These interventions should always be done:

according to high ethical standards (UEMO Policy Statement); e.g. assessment of potential harmful effect of intervention imposed on the client,
as an integrated part of patient care and disease management, rather than as a separate activity" (Crebolder, Van der Horst 1996) in a routine (face-to-face) consultation,
and can be complemented "beyond the clinical encounter", by referring and "linking patients with community resources and groups that can help to deal with the non-medical determinants of health" (Herbert, Visser 1995)

Interventions should be (Lauritzen,T.: Presentation at Kick-off Meeting, Vienna 1999)

"science and knowledge-based,
acceptable to the target audience,
and their implementation be organized and re-evaluated."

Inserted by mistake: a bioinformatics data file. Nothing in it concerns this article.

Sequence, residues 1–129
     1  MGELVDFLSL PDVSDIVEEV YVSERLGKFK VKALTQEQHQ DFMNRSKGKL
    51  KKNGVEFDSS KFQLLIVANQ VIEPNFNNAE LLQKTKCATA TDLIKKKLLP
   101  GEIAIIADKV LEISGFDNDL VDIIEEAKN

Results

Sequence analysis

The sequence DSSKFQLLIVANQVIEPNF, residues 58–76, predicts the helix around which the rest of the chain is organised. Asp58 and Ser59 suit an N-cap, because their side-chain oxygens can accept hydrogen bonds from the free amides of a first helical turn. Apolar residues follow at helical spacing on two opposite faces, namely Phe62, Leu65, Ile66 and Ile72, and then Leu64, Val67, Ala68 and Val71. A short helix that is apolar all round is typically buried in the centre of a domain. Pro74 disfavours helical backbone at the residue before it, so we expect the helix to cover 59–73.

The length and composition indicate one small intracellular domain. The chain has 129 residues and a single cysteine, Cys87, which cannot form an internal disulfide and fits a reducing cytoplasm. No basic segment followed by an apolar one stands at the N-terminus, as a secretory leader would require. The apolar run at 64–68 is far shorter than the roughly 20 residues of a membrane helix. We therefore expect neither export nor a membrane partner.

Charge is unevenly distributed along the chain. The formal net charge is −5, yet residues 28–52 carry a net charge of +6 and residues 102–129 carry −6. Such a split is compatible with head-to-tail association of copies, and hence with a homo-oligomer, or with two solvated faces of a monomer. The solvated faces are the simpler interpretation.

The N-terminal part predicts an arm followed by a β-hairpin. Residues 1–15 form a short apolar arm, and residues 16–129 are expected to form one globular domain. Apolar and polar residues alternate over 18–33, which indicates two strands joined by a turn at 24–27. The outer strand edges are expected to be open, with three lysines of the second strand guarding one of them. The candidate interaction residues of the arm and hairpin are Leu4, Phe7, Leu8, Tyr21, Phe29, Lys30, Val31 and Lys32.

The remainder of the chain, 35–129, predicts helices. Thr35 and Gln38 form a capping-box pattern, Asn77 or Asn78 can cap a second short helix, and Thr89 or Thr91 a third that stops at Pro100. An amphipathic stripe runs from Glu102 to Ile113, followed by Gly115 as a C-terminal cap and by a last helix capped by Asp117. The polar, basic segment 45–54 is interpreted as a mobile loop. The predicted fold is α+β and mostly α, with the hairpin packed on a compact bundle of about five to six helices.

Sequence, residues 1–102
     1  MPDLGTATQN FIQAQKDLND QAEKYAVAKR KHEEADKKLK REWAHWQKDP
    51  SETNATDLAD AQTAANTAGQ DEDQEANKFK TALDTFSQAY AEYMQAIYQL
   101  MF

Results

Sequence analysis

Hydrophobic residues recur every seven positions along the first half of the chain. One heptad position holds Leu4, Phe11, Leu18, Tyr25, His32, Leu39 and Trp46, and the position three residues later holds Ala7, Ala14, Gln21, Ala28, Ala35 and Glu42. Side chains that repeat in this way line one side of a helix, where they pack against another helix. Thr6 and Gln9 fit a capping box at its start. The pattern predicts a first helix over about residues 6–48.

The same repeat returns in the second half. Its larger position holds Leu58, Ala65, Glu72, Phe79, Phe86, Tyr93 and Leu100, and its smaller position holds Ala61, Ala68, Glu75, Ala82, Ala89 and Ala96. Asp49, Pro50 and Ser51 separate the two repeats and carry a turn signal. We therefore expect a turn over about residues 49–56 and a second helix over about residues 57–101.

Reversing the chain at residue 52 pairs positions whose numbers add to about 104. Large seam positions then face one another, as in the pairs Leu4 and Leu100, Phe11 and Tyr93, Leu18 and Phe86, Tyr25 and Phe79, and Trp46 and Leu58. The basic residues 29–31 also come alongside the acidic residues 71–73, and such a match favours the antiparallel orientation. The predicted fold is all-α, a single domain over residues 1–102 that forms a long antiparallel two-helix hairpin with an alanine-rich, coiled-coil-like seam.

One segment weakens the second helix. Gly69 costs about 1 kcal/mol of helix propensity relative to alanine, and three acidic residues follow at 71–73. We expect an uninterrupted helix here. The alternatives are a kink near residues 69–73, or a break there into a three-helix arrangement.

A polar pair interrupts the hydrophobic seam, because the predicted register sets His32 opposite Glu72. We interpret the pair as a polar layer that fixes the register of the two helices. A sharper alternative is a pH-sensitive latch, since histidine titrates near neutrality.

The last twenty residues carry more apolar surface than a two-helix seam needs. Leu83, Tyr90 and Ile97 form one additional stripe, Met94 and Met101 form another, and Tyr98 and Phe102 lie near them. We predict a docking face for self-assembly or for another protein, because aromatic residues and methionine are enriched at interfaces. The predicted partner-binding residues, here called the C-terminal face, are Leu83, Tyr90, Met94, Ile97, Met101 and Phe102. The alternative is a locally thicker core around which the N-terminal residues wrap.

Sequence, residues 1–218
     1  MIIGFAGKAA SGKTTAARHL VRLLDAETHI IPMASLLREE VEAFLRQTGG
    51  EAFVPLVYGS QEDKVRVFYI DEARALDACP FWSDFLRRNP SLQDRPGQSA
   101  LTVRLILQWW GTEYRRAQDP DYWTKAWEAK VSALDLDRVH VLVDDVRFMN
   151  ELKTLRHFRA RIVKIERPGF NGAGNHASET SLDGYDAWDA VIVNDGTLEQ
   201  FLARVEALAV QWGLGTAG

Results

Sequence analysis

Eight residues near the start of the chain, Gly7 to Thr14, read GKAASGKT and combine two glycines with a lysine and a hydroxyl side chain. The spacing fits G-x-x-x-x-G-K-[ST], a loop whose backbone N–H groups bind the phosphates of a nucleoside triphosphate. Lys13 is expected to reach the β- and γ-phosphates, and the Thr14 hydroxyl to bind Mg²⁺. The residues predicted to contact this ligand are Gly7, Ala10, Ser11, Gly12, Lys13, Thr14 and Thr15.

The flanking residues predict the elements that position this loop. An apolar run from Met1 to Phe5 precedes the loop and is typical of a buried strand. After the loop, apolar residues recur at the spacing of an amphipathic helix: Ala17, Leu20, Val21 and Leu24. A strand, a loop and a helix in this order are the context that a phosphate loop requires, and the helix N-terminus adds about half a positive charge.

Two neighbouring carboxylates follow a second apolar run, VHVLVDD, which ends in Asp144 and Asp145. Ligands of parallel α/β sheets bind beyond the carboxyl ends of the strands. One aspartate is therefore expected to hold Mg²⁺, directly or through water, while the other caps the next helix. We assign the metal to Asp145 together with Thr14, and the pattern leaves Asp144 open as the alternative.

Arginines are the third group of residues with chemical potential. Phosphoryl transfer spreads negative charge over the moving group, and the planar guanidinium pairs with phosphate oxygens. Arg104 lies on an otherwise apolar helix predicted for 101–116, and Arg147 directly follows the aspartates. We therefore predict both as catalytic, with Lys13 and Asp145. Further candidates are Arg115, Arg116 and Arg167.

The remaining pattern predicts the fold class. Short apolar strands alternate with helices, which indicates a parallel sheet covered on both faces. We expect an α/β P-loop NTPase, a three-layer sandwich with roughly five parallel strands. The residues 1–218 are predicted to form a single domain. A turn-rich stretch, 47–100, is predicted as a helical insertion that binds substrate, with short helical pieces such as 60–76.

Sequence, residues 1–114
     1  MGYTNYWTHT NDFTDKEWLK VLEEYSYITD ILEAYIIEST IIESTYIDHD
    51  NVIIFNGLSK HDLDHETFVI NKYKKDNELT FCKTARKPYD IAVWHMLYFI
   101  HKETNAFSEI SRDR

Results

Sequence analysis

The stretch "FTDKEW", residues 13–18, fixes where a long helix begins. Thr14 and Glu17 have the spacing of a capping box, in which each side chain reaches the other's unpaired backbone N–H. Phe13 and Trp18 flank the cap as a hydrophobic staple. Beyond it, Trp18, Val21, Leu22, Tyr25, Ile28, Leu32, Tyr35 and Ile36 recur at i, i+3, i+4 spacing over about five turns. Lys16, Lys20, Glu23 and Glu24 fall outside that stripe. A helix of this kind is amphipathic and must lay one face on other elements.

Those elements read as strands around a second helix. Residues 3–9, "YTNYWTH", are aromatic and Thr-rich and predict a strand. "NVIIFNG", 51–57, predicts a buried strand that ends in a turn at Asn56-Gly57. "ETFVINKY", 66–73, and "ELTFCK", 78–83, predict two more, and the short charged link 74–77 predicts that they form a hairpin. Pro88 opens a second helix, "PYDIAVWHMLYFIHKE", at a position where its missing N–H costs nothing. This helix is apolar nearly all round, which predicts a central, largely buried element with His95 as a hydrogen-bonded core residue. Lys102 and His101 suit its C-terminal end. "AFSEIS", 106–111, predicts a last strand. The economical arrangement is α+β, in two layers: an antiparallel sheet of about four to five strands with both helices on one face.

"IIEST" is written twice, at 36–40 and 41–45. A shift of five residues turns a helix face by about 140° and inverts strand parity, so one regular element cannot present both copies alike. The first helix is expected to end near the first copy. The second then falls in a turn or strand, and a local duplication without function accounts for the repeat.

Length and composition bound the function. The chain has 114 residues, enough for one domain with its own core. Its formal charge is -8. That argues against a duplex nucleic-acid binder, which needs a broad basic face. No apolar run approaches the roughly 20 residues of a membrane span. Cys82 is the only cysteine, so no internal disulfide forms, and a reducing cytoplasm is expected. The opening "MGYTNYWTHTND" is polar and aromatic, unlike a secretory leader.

Health promotion efforts in general practice should be provided in awareness that

there are important other health promotion/ health professionals catering to the same individuals, groups and population
as are there lay persons actively involved in the promotion of health and care.
It heavily draws on the expertise and skills of these professionals and therefore strives for optimal collaboration and integration.

Health promoting opportunities also comprise activities not explicitly in the scope of this project, notably

involvement in community health promotion
advocacy and political lobbying (e.g. environmental health, social policy, housing)
(McWhinney, I.R. (1997) A Textbook of Family Medicine )
and settings-oriented health promotion.

WHO (Hg.)(1986): Health Promotion. Ottawa Charter. Genf: WHO.

Abelin, T., Brzezinski, Z.J., Carstairs, V.D.L. (Hg.)(1987): Measurement in health promotion and protection. Copenhagen: WHO Regional Office for Europe. WHO Regional Publications, European Series No. 22.